Source: The Hearing Journal, September 2012 – Volume 65 – Issue 9
Noise-induced hearing loss is not limited to construction or factory workers as some might presume, just ask a waiter or a retail employee. Workers in many New York City restaurants and clothing stores are often exposed to loud music, sometimes averaging nearly 100 dBA, according to a New York Times article. (August 2, 2012; see FastLinks.)
“The risk to hearing from hazardous noise exposure is a product of sound level (decibel) and time (duration),” said Deanna Meinke, PhD, an associate professor at the University of Northern Colorado’s Audiology and Speech-Language Sciences department in Greeley. Dr. Meinke was responding on behalf of Dangerous Decibels, a public health campaign designed to reduce the incidence and prevalence of NIHL and tinnitus.
See rest of article here.
It is with great sadness that I have to inform you that we have lost a good friend and business associate. Last Thursday 9/13/2012, Bruce Dalton was killed in a single, small plane accident in the Colorado mountains. Bruce was traveling as a passenger on a single engine aircraft that was piloted by a friend. Initial reports seem to indicate that the crash happened at an elevation of 12,000 feet.
Bruce has been a friend and co-worker going back to the old days with Health & Hygiene and U.S Health Works. Bruce was also one of the founding members of Workplace Group, and has spent the last couple of years running OccuHealth.
Bruce will be missed by everyone who knew him. Please take the time to remember him, and pray for his family.
A memorial service has been scheduled for 3:00pm Saturday, Sept 22 at the St. Matthews Episcopal Church in Hillsborough, NC.
David Pinchot, President
The Herald Sun
The Pueblo Chieftain
Workplace INTEGRA, Inc has just finalized its 2013 CAOHC training schedule. New locations on the 2013 schedule: Tallahassee, FL, Columbus, GA, and adding a class in New Orleans, LA
Here are the dates and locations for the first quarter of 2013:
January 9-11 Toledo, OH 1/10
January 9-11 Greensboro, NC 1/10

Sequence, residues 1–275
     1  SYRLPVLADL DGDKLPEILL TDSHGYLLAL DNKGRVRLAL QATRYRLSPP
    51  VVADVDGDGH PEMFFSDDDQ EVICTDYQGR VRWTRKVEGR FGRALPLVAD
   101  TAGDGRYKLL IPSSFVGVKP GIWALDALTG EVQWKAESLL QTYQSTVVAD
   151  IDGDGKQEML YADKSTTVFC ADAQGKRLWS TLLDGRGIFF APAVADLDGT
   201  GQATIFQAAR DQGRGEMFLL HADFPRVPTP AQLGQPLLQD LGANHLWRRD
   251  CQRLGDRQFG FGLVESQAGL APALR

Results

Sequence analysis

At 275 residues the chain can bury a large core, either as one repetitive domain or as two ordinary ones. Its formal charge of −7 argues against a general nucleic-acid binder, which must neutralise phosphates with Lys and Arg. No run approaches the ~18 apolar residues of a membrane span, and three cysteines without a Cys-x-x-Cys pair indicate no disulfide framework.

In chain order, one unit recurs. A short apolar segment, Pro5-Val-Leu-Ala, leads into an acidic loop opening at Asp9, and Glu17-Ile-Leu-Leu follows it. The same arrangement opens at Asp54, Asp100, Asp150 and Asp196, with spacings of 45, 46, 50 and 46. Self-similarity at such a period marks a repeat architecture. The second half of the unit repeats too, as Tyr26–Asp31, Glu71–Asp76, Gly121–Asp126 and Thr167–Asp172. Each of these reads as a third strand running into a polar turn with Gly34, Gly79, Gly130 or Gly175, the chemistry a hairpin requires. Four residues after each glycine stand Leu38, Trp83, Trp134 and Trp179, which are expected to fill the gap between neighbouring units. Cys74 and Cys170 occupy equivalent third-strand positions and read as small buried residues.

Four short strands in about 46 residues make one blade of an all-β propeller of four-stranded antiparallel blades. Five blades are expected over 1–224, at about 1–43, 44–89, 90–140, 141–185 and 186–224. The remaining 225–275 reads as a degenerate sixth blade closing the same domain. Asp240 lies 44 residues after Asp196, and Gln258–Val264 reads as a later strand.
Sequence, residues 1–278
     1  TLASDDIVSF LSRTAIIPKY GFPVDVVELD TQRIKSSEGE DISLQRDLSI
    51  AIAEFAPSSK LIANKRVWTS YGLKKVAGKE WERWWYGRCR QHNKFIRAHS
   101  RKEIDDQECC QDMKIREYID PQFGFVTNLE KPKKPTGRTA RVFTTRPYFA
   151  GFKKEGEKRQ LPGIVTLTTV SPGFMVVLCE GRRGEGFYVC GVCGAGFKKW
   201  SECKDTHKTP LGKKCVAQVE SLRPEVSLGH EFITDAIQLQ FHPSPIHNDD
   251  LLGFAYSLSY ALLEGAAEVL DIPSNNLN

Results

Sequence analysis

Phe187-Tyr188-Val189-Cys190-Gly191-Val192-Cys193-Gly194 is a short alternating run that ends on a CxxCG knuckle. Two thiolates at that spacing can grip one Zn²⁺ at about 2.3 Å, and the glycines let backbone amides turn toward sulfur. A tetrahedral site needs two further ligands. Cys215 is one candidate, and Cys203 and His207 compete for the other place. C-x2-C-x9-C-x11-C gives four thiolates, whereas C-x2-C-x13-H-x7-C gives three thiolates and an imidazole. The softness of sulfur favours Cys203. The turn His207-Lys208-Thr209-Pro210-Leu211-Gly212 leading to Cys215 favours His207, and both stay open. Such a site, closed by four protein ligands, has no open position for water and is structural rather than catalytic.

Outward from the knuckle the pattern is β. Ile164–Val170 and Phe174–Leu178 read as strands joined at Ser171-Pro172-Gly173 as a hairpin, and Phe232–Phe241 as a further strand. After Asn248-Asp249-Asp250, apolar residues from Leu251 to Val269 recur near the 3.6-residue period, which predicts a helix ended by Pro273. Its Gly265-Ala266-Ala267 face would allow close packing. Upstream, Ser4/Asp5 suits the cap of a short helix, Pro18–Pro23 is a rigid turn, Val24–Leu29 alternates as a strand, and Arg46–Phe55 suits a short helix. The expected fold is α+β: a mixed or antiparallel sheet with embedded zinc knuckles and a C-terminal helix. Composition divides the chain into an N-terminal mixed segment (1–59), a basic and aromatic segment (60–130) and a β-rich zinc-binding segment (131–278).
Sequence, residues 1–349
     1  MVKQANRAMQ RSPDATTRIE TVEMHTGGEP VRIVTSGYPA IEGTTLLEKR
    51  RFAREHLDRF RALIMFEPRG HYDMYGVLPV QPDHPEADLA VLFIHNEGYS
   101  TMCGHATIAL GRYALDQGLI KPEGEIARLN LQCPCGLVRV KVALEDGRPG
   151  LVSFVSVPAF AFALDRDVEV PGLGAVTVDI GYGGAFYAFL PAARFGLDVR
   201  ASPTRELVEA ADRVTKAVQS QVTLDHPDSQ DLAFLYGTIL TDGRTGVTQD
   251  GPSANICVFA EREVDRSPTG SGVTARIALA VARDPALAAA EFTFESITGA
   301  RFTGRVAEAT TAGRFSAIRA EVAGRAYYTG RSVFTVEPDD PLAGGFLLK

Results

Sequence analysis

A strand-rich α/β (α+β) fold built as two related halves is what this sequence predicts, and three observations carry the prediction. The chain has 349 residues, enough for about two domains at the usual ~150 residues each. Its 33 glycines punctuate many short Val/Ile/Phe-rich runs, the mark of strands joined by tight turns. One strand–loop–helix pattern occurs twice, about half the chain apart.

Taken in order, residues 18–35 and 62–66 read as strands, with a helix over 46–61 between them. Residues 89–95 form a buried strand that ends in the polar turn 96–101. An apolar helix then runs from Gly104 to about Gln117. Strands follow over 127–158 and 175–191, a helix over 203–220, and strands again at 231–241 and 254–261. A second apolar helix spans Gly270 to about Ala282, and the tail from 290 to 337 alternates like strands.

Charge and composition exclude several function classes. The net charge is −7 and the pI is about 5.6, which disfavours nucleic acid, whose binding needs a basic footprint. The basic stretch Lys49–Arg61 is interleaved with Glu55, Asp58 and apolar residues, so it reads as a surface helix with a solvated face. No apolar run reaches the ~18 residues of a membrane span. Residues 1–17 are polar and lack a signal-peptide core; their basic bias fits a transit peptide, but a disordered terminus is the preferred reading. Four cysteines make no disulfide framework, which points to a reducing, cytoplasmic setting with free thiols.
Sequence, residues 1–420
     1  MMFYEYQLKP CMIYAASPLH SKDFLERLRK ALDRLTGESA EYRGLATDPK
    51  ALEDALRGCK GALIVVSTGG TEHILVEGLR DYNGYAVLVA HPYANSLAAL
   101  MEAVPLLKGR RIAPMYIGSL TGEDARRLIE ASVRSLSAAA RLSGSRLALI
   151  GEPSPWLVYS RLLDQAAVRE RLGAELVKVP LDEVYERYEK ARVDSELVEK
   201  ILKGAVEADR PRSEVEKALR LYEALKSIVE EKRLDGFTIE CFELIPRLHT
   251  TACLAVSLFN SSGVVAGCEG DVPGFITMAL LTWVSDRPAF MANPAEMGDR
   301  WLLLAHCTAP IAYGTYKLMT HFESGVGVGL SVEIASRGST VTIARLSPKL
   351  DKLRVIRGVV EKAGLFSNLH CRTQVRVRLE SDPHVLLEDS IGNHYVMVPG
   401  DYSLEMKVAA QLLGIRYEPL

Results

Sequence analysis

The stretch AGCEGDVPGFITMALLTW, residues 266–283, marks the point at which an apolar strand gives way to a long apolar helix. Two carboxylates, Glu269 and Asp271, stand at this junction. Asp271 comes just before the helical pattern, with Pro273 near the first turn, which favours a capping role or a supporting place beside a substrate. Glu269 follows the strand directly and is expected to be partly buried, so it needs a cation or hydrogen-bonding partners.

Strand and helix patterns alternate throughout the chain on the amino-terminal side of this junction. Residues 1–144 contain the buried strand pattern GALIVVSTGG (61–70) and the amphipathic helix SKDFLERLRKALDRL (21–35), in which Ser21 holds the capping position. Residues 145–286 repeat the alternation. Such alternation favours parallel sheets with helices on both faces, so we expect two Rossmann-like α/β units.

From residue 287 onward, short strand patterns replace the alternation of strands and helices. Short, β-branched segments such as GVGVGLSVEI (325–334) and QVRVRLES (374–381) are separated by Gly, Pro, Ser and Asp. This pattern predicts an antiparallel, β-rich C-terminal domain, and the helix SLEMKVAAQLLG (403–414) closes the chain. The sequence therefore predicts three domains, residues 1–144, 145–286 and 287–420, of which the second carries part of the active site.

January 23-25 New Orleans, LA 1/24
February 6-8 Louisville, KY 2/7
February 12-14 Greenville, SC 2/13
March 6-8 Indianapolis, IN 3/7
March 13-15 Greensboro, NC 3/14
March 20-22 Bloomington, IL 3/21
March 20-22 Tallahassee, FL 3/21
Look for the entire 2013 schedule soon at www.workplaceintegra.com
Source: Industrial Safety & Hygiene News
Is your job causing hearing loss? Your hearing is an incredibly valuable asset in the workplace. Unfortunately, some workplace environments may be more damaging to your eardrums than others. The National Institute for Occupational Safety and Health estimates that 22 million US workers are exposed to potentially dangerous levels of noise in the workplace each year. Unhealthy noise levels are one of the most common causes of hearing loss, and can lead to shocking statistics in some occupations. If you work in one of these six loudest workplaces, you may want to consider the effects your work environment may be having on your hearing.
Hearing Loss in Manufacturing
Hearing loss is the most commonly recorded occupational illness in manufacturing, accounting for 1 in 9 recordable illnesses. The reasons behind these staggering numbers are obvious, with all the large and loud machinery in this line of business. And this problem is all over the nation. Manufacturing is one of the largest industries in the U.S., which means hearing loss can spread rapidly. In fact, a study in Michigan reveals that more than half of all cases of permanent workplace hearing loss is caused by the manufacturing sector. Learn about Personalized Hearing Protection for Manufacturing Companies.
Hearing Loss in Construction, Carpentry and Mining
Whether outside your window, on your walk to work or anywhere else on the street, you may be painfully familiar with the extreme noise levels of construction sites. Now imagine working there. For the country’s construction workers, these sounds can be particularly hazardous to hearing health. Long periods of exposure to noise over 85dB is considered dangerous to one’s hearing, yet many of the most common construction tools make noise well above this cautionary value. Let’s consider one the noisiest yet most common construction tools: the hammer drill. This ear-shattering tool registers at nearly 115dB. With these dangerous decibels, whether you are performing construction work at home or for pay, make sure to wear the right kind of ear protection.
Click here for full article.
What should I use for my upcoming Hearing Conservation Training? What can I use that will educate and motivate employees in a new way? This may be a question you ask yourself whenever training is on the horizon. I will be giving you ideas on how to present HC training in fresh and novel ways. Your employees will exclaim, “Wow, I never knew that about my ears!” I will present an idea about every 3 months on this Blog. My first idea is to incorporate a YouTube video The one I have picked, Auditory Transduction, is a basic anatomy and physiological account of how our ears hear. Give it a look! Your employees may walk away with new respect for their ears!